Jobs and His iPhone Are Ideal Objects for Study in 'Steve Jobs: The Man in the Machine'

As it investigates the contradictions Steve Jobs embodied, this film also contemplates how Jobs and Apple continue to transform the "whole planet".

Steve Jobs: The Man in the Machine

Director: Alex Gibney
Cast: Michael S. Malone, Chrisann Brennan, Regis McKenna, Michael Moritz, Sherry Turkle, Bob Belleville, Daniel Kottke, Joe Nocera, Jon Rubinstein, Avie Tevanian, Andy Grignon, Alex Gibney (narrator)
Rated: R
Studio: Magnolia
Year: 2015
US date: 2015-09-04 (Limited release)

"I was one of those people who had to have an iPhone. I didn't want to hear about other products and I believed against all reason that owning an iPhone made me part of something better. And when it was in my pocket, for every idle moment, my hand was drawn to it, like Frodo's hand to the ring." As Alex Gibney speaks, you see a series of images at once familiar and strange. Customers stand in line outside an Apple store, bent over the devices they currently own.

The shot cuts to a view of the store, the Apple icon perfect and white. You look in from outside, through glass that reflects and also blurs New York City traffic, as customers stand at tables, bent over devices they will own.

It may be, as Gibney suggests, that possessing an iPhone, touching and knowing it, shapes a sense of a particular sort of identity, a sense of belonging to "something better". It may also be, as Gibney's Steve Jobs: The Man in the Machine posits, that your belief in such identity has multiple causes and contexts, including a brilliant, pervasive commercial campaign.

Thinking through the connections between the product's campaign and design, the film finds a particularly mesmerizing focus in Jobs, as he appears in all manner of footage, from personal archives and TV, promotional images and depositions. GIbney describes his starting point; that is, bearing witness to the overwhelming public grief over Jobs' death. A TV screen confirms the process: "It's not often that the whole planet seems to feel a loss together," observes Diane Sawyer on ABC News the night Jobs died, noting that this "singular dreamer" inspired a "kind of global wake" -- performed on social media, of course. The film underlines the ritual by playing Bob Dylan's "Mr. Tambourine Man" on the soundtrack, a gesture simultaneously celebratory and ironic.

As it investigates this simultaneity, the movie contemplates how Jobs and Apple continue to transform the "whole planet". Canny and provocative, Gibney's own self-reflection is key to this mediation, as it is in his previous films, from Taxi to the Dark Side to Catching Hell to Going Clear. His thinking out loud doesn't impose an order on what you see as much as it adds layers and poses questions. If GIbney's questions are not precisely yours, his premise -- that documentaries must ask questions rather than presume answers -- is bracing, reimagining not only what documentaries can do, but also what belief can do.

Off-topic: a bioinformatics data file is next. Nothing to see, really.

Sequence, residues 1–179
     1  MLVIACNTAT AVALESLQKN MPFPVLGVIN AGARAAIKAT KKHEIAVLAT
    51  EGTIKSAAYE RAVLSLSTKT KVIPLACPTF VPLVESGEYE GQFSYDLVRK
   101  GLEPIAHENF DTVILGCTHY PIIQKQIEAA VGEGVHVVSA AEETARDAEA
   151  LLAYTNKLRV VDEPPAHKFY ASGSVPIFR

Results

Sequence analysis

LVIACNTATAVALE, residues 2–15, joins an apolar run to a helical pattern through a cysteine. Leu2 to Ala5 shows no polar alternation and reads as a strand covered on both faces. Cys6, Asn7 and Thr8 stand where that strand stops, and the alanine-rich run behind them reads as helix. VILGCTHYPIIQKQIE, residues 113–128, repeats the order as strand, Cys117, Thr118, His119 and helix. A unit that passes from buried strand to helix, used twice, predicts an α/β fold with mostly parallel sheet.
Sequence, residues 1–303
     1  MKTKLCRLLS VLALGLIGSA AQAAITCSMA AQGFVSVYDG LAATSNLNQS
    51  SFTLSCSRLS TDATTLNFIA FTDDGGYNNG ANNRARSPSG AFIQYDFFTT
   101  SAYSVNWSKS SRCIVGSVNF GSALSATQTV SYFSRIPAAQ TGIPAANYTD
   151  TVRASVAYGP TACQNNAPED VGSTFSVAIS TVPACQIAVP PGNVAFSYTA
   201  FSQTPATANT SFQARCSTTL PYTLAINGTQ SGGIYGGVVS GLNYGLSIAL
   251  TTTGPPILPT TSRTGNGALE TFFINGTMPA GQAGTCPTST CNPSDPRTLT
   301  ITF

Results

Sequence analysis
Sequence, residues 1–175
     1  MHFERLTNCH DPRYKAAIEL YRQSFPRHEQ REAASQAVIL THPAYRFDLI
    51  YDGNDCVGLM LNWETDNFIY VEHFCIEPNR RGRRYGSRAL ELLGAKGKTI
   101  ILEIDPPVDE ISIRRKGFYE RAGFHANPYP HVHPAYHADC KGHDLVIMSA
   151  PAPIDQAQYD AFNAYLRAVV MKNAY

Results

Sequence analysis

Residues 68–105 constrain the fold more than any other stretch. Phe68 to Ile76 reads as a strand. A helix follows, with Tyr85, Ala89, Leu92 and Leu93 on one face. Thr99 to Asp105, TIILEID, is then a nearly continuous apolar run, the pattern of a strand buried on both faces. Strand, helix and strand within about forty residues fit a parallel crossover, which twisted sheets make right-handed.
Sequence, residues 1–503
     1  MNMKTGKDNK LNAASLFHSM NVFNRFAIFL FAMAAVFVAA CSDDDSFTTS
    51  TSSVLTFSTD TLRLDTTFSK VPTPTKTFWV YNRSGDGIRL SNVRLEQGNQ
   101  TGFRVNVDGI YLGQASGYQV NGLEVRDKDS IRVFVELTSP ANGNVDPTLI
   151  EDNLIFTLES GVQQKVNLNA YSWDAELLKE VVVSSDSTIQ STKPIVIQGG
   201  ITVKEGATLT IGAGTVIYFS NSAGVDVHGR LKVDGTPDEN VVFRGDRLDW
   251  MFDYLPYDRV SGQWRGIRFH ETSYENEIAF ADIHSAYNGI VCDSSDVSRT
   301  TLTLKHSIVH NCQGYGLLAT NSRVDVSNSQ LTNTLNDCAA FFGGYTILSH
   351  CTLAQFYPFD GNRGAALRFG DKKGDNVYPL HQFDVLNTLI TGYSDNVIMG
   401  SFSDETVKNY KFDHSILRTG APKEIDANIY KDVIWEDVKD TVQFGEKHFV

In this context, Jobs is an ideal object for study. "I think jobs was always a storyteller," notes tech journalist Michael S. Malone. Inspired and revered, he could also be, as the film recalls, "behind the scenes… ruthless, deceitful, and cruel." Recounting instances that are both infamous and less known (his abuse of Apple cofounder Steve Wozniak, his initial rejection of his daughter Lisa, his chilling disregard for Chinese factory workers' health), the film suggests that, rather than seeing Jobs as a kind of split personality, an hero and a villain, you might better understand the connections among his seemingly contradictory behaviors, his astounding aspiration and confounding myopia, his spectacularly staged new product announcements and his "highly developed tax avoidance system".

The film's structure, gliding between Jobs' life story and his legacy, helps you see how the devices embody both. The iPhone is built on competing fictions of intimacy and anonymity, preservation and impermanence. Elegant and thrilling, this bit of reproducible art is outrageously profitable, sold as a status symbol, and of conformity and individuality at the same time. The camera underlines the device's sleek surfaces, lingering on the product, as if selling it. You become aware that each step in this process, investigative and contemplative, repeats the pitch, that the company not only has value but also, as Jobs said more than once, values.

Even early on, the product, Sherry Turkle observes, inspired devotion. With the iMac, she says, Jobs "was going for a computer that really felt like an extension of the self." The iPhone seems a realization of that dream, especially in the effects it creates. "I remember the first set of people I interviewed about the iPhone," Turkle remembers, "I've never seen this sort of connection before with an object." Joe Nocera offers a more succinct judgment: "A phone is not a mythical device. It sort of makes you wonder less about Apple than about us."

The film, too, wonders about us. It questions Jobs' iconography, his self-promotion, his mythology -- all which are intertwined with his company in compelling and vexing ways. (Or, his company, then not his company, then his company again). From its start, Steve Jobs: The Man and the Machine turns its questions back from the man and the machine to you. As GIbney leaves behind the man and looks instead at that "fleeting moment before I press the home key and the screen lights up," he sees and shows that it's "asking me what, in buying and using this product, I am doing."

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